A South African judge ruled on Wednesday that a report over alleged influence peddling in government should be released, after President Jacob Zuma dropped a court bid to delay its publication and thousands marched against him.
Reuters reported that police fired stun grenades and used water cannon to disperse demonstrators who had marched to the Union Buildings, the seat of government where Zuma’s offices are located in the capital Pretoria. Outside the court deliberating whether to release the report, protesters carried “Zuma must go” placards.
The report by the Public Protector, a constitutionally mandated anti-graft official, looks into allegations of corruption that have brought on the biggest crisis of Zuma’s presidency, costing him support within the ruling party.
Zuma denies providing special favours for wealthy friends, including three brothers who also deny wrongdoing. The report’s publication had been halted on October 14 after Zuma appealed to the High Court to block it.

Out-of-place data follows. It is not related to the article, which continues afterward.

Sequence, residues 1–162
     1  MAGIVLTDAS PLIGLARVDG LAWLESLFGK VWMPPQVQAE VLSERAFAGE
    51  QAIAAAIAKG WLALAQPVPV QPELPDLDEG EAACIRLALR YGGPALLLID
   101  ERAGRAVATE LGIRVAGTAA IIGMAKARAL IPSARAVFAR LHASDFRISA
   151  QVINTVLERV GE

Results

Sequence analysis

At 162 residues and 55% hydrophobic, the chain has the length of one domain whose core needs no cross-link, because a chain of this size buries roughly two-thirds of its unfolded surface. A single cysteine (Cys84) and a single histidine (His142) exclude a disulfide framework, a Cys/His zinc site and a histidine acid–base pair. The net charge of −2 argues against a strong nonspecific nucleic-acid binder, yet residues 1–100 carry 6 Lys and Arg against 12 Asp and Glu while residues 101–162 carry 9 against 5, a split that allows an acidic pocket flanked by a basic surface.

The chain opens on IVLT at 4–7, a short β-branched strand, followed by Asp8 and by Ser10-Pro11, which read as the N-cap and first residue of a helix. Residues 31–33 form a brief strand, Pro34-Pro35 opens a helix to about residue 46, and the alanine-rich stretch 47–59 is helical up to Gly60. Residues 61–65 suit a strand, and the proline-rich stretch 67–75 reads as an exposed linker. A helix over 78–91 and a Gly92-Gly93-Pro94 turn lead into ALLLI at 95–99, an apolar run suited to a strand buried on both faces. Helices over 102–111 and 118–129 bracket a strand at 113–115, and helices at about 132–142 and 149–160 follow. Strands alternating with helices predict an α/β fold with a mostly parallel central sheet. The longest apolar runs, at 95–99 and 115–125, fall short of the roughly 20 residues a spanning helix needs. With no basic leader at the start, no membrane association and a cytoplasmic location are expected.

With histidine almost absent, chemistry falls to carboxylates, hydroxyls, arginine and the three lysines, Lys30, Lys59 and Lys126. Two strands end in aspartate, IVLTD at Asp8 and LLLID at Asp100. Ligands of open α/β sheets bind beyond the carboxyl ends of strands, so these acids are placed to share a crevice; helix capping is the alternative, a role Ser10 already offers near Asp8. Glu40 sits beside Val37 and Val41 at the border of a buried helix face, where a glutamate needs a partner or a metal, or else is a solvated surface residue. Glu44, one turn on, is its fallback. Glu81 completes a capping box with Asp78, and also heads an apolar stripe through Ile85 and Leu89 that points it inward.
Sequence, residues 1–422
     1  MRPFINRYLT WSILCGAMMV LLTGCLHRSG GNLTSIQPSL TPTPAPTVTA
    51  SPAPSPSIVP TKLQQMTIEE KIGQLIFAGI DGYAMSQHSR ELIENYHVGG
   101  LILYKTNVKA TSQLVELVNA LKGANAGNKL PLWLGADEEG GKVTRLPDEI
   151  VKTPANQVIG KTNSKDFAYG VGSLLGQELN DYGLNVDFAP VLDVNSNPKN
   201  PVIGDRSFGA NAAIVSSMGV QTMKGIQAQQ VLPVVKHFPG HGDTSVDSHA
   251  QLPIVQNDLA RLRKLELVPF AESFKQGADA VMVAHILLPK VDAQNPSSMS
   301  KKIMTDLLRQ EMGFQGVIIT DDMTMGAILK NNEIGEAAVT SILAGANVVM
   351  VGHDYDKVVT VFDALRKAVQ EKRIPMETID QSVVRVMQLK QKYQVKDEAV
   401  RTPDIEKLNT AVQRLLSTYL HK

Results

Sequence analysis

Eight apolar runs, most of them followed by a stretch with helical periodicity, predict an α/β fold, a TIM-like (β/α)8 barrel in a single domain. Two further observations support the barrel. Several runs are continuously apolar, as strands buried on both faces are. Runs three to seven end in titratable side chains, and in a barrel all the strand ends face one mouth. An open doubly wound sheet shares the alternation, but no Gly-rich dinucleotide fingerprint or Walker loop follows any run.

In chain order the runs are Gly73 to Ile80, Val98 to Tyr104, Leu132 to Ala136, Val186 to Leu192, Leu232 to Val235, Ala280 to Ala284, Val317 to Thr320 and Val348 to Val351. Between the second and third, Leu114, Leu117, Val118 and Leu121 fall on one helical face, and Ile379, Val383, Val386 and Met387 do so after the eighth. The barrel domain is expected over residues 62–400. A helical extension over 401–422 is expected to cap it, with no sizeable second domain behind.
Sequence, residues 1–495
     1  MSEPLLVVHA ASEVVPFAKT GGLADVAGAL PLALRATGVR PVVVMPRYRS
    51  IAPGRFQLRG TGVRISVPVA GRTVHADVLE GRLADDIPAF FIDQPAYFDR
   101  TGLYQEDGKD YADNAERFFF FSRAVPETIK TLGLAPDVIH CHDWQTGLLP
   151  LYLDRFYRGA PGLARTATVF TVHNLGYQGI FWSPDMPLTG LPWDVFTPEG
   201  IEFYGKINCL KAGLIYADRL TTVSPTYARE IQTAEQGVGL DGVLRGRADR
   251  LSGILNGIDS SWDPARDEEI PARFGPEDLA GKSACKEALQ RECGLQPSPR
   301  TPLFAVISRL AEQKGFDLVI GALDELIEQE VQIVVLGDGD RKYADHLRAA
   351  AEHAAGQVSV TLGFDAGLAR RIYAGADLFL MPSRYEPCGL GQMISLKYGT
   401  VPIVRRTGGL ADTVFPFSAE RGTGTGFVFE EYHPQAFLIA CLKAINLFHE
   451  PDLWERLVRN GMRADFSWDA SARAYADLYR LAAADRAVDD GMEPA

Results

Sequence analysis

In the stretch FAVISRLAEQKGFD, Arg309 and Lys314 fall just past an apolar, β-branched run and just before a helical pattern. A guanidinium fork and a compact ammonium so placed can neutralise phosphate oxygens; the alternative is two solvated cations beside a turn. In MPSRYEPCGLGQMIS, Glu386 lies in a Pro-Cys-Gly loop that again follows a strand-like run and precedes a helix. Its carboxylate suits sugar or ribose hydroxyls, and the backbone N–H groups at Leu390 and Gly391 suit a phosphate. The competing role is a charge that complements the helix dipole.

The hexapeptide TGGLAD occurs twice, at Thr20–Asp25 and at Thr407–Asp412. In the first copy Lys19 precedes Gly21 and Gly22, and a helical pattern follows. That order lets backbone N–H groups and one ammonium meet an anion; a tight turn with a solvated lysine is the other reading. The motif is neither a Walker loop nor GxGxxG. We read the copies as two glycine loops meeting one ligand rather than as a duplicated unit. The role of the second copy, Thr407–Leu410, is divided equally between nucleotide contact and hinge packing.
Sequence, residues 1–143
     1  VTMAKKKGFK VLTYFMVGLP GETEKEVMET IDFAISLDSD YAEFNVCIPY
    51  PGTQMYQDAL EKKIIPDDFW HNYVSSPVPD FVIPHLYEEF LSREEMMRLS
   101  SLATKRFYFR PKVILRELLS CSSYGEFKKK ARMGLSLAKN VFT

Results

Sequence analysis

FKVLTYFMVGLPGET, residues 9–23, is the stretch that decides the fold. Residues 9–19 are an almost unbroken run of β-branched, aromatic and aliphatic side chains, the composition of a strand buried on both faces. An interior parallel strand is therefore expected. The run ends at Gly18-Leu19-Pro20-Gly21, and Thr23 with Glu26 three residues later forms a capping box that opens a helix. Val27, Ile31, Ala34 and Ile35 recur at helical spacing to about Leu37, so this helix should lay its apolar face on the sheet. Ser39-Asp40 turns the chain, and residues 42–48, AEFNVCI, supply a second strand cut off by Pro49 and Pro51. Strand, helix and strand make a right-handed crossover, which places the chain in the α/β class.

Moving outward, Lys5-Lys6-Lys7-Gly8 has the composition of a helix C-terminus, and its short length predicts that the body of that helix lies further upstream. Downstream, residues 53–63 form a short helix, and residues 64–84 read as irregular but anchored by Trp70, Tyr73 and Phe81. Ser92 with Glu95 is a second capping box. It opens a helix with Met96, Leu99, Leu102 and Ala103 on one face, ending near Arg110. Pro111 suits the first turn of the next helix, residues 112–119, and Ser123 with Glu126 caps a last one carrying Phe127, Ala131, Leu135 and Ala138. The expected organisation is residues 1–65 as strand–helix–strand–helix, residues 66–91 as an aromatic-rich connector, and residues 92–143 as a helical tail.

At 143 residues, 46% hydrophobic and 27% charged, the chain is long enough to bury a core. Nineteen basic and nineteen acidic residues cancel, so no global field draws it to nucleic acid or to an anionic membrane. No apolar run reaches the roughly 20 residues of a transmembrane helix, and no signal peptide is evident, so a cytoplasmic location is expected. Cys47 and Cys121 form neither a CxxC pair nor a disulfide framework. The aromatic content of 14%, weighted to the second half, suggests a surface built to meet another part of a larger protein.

The affair has rattled markets in Africa’s most industrialized economy, which faces the risk of ratings downgrades later this year. Divisions within the African National Congress (ANC) have widened since the ruling party suffered its worst-ever local election results in August.
The rand rose by 2 percent to the dollar and bonds firmed. Analysts said allowing the report to be released was an indication the country still had strong institutions.
“The public protector is ordered to publish the report forthwith and by no later than 1700 (1100 ET) on 2 November, 2016,” Judge Dunstan Mlambo said to applause in court.
ANC spokesman Zizi Kodwa said the party welcomed the decision.
Zuma withdrew his court bid in the interests of justice, the Presidency said in a statement. It also said Zuma would consider “the contents of the report in order to ascertain whether it should be a subject of a court challenge.”
Zuma’s lawyer, Anthea Platt, had earlier told the court she had been instructed to withdraw the application to delay publication and offer to pay the costs for the hearing.
Protesters also demanded that state prosecutor Shaun Abrahams be removed from office. Abrahams had pressed charges of fraud against Finance Minister Pravin Gordhan, but then dropped them on Monday after popular support for him from the worlds of politics and business.